Provision of information about higher education

16 June 2011

Commenting on new requirements to publish Key Information Sets (KIS) for all undergraduate courses from September 2012 in the HEFCE/Guild HE/UUK report ‘Provision of information about higher education’, Dr Wendy Piatt, Director General of the Russell Group, said:

“Universities are fully committed to providing as much information as possible to help students as they make life-changing decisions about what to study and where – particularly as students are asked to contribute more towards the cost of their education. New initiatives, such as the compilation of Key Information Sets (KIS), may be a useful addition to the range of ways we currently use to provide vital information such as websites, prospectuses, school outreach programmes. Gathering some of the existing information from universities into KIS may be also helpful.

"However, KIS will not contain everything prospective students need to know and some of the data KIS offers may not be the most helpful. For instance, drop-out rates are not one of the KIS criteria. There is also a danger that too much emphasis is given to narrow measures like scheduled learning activities whereas leading universities provide a broader educational experience. Information provided by schools, colleges and other agencies are also key parts of the decision-making process particularly when it comes to explaining how the new student support system will work and emphasising that students do not have to pay up-front and only pay back a small fraction of their income once they are earning over £21,000.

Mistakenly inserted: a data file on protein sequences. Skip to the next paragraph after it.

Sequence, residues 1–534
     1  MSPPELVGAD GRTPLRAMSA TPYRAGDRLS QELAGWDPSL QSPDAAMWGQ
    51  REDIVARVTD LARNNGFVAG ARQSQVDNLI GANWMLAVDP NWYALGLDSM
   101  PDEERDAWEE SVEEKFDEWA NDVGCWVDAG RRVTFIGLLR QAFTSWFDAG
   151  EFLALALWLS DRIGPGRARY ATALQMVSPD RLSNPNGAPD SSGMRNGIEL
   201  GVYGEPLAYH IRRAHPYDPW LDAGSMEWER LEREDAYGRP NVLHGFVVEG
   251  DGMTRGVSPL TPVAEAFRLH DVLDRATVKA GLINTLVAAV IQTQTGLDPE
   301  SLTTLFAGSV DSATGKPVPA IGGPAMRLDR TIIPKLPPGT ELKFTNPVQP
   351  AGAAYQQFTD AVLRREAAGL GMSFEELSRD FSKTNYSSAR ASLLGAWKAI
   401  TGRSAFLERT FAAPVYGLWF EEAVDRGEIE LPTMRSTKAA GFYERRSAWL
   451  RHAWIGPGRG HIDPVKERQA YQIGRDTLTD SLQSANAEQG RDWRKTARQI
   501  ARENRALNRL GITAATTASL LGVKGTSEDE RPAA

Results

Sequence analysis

“We will continue to work hard to make sure that students with the talent, potential and ability to succeed at a Russell Group university can do so, whatever their background.”

Notes to editors

  1. The student workload, including both timetabled contact hours and private study, is traditionally very demanding at Russell Group universities with numerous unmeasured learning opportunities. Students are supported and steered as they direct and pursue their studies. This support includes, for example, senior lecturers operating ‘open door’ policies, where students can seek advice outside of lectures and tutorials. The notion of ‘scheduled learning’ or ‘study hours’ does not fully capture these additional opportunities to seek guidance from tutors, the fact that different disciplines evolve different ways of learning that are appropriate to the subject, nor the quality and diversity of the student experience.

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